Flora and Ulysses by Kate DiCamillo. Candlewick Press, 2013. Currently Available.
Genre: How to describe the genre? It’s not quite fantasy, but it definitely isn’t realism. It has illustration, but it isn’t fully a graphic novel. It’s a story about the unlikeliest of superheroes and it defies classification in the best of ways.
Face Value: Gorgeous. I love the illustrations in the book and both Flora and Ulysses are perfectly captured on the cover. This is a heroine to fall in love with right from the cover, and the content will not disappoint.
Does it Break the Slate? Holy Bagumba Yes! Flora and Ulysses are my new favorite team of superheroes! Flora’s cynicism and Ulysses poetic soul make for a fantastic team who are prepared for anything. With a fantastic Slatebreaking hero and a deeper meaning masked by silliness, this is one for the canon.
Who would we give it to? Kate DiCamillo writes for everyone. Whether she’s writing heartwrenching epics like The Miraculous Journey of Edward Tulane or hilarious beginning readers like Bink and Gollie, her writing tends to give us the kind of book that the whole family can read together, appreciating it on a range of levels. Flora and Ulysses is just that type of book, with an emotional message unerneath some pretty hilarious squirrel antics.
Review: The theatre company I work for is presenting the world premiere stage adaptation of The Miraculous Journey of Edward Tulane right now and it is an ongoing reminder of how much I love Kate DiCamillo’s writing. She’s remarkably versatile, and she has a gift for creating characters who you fall in love with almost immeidately on the smallest detail. In this one, I fell in love with Flora on page 5, with this passage:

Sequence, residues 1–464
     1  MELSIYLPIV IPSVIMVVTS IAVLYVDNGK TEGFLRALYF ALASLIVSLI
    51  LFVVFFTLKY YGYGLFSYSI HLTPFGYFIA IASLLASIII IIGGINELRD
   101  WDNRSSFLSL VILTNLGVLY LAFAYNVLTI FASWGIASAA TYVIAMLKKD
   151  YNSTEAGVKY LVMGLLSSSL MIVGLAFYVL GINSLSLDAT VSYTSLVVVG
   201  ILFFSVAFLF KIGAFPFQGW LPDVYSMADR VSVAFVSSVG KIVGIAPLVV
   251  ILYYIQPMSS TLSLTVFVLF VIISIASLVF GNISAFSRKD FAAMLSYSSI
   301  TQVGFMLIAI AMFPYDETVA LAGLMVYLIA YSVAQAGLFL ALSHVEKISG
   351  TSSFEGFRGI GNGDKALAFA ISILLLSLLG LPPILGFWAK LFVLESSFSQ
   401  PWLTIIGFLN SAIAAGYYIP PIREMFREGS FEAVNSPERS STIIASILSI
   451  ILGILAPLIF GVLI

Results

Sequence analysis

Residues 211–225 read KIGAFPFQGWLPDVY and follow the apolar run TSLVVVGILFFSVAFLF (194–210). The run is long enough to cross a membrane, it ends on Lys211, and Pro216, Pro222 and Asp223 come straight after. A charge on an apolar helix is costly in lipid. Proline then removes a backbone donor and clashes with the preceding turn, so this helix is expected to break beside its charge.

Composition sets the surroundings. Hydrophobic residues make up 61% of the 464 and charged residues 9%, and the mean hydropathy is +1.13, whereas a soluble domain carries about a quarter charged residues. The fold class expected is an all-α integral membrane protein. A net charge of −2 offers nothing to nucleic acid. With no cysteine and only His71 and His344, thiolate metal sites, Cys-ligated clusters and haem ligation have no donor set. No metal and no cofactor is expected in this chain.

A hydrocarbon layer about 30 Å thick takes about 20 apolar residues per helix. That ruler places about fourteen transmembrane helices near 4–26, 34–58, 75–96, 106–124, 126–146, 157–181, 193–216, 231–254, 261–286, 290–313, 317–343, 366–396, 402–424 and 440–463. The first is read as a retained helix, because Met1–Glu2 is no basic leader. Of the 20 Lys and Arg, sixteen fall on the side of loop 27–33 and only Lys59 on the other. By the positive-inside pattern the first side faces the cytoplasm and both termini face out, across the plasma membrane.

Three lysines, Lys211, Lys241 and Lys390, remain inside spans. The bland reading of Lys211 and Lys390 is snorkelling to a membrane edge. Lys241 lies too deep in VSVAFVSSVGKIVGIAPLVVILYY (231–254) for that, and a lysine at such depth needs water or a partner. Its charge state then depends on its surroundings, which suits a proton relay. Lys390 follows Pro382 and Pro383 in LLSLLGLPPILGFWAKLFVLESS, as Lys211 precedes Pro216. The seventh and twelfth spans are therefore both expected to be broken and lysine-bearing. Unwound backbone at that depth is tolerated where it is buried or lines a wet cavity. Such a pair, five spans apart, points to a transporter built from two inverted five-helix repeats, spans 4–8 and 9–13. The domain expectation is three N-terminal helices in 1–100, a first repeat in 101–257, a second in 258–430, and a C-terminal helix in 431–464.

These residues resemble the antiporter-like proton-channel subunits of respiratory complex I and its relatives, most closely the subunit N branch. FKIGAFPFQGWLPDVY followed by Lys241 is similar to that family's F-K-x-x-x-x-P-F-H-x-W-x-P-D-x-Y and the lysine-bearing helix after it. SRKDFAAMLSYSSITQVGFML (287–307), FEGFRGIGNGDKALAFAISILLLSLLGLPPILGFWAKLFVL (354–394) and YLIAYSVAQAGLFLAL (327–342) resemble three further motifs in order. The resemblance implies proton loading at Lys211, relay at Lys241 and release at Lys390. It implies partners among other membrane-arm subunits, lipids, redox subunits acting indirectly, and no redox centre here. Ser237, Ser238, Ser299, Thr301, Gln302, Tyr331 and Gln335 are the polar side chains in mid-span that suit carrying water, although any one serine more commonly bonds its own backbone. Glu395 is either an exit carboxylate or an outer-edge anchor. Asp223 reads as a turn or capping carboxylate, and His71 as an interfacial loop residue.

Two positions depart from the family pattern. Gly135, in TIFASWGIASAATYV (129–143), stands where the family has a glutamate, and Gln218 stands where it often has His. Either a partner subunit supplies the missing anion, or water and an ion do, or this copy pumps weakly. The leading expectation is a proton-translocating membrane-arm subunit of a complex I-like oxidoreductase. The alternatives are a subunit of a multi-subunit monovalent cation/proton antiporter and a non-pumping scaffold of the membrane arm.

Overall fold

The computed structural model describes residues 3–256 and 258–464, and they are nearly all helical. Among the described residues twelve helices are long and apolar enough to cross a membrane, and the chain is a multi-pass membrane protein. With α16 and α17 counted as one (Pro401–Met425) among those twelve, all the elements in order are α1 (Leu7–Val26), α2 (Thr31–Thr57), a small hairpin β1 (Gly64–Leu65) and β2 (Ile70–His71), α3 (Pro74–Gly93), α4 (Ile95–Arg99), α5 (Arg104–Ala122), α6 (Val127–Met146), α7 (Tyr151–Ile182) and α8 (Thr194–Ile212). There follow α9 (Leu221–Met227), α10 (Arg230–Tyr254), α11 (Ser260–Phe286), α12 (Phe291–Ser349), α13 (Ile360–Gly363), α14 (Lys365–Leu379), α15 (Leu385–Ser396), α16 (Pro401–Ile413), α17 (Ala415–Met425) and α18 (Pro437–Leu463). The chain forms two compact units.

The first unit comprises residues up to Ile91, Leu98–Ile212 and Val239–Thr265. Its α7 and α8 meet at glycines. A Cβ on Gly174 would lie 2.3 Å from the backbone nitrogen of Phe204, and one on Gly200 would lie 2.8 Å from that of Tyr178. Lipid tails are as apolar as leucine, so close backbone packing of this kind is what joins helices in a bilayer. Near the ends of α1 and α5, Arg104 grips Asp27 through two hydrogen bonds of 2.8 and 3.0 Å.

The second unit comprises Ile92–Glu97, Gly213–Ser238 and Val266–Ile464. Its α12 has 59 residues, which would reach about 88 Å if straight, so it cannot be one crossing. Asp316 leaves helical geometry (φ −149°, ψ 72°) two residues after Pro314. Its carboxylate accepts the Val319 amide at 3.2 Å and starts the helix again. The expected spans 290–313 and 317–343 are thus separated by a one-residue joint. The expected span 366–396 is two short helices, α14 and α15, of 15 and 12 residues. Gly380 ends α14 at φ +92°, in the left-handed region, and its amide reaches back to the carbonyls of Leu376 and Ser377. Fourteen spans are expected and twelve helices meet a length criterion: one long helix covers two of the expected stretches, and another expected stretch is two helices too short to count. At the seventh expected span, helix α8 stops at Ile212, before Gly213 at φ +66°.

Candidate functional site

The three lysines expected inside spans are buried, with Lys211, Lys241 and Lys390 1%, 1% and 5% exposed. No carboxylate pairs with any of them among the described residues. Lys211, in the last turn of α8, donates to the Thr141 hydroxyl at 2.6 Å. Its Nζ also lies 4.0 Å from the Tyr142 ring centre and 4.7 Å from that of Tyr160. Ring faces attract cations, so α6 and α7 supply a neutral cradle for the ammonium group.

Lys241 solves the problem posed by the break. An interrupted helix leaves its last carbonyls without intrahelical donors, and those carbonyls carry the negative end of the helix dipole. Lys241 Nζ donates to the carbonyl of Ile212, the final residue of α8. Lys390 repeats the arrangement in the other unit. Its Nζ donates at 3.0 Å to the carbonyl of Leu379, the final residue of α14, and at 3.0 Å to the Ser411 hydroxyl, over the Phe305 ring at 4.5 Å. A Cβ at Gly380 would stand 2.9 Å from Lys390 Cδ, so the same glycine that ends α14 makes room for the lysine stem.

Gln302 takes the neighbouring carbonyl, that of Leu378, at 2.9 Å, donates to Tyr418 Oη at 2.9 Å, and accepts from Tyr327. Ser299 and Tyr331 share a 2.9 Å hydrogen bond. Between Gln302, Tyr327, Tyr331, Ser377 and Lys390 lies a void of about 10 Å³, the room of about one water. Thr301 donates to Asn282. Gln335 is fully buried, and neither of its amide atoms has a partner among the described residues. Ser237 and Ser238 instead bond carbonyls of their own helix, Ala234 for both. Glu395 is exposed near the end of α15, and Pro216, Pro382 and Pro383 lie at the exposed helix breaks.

“Flora hated romance novels.
In fact, she hated romance.
“I hate romance” said Flora out loud to herself. She liked the way the words sounded. She imagined them floating above her head in a comic strip bubble; it was a comforting thing to have words hanging over her head. Especially negative words about romance.”
Flora, you see, is a cynic and proud of it. Her parents are divorced and preoccupied, her mother with writing the aforementioned romance novels, her father with his own sadness. She has become a cynic to protect herself, the same reason she has read every single issue of the comic book “Terrible Things Can Happen to You!”
And then there is Ulysses. I am not normally predisposed to like animal characters, particularly squirrels, but I will make an exception for the always-hungry poet Ulysses, whose superpowers begin when Flora rescues him from being sucked up into a vacuum cleaner.
Their adventures continue from there. Flora’s mother becomes the immediate villain, with a desire to get rid of Ulysses, whatever it takes. Other dangers emerge in the form of a diner waitress and a cat. Ulysses discovers he is a poet and Flora discovers an inner strength she didn’t know she had. There’s a larger-than-life comic book quality to the story, but there is also a quiet loveliness to Flora, her parents, and their story. Individual lines are hysterical – “George… we have a problem. Your daughter has become emotionally attached to a diseased squirrel ” – or “for a cynic, I am a surprisingly helpful person.” But there is also a deeper resonance. Flora’s experience of her parents divorce is beautifully rendered and beneath the silliness lies a big and beautiful story about family. It’s absolutely ok that Flora is a cynic. But through the course of the narrative, it also becomes ok for her to want things and maybe – just maybe to be a little bit hopeful.
Reviewed from library copy.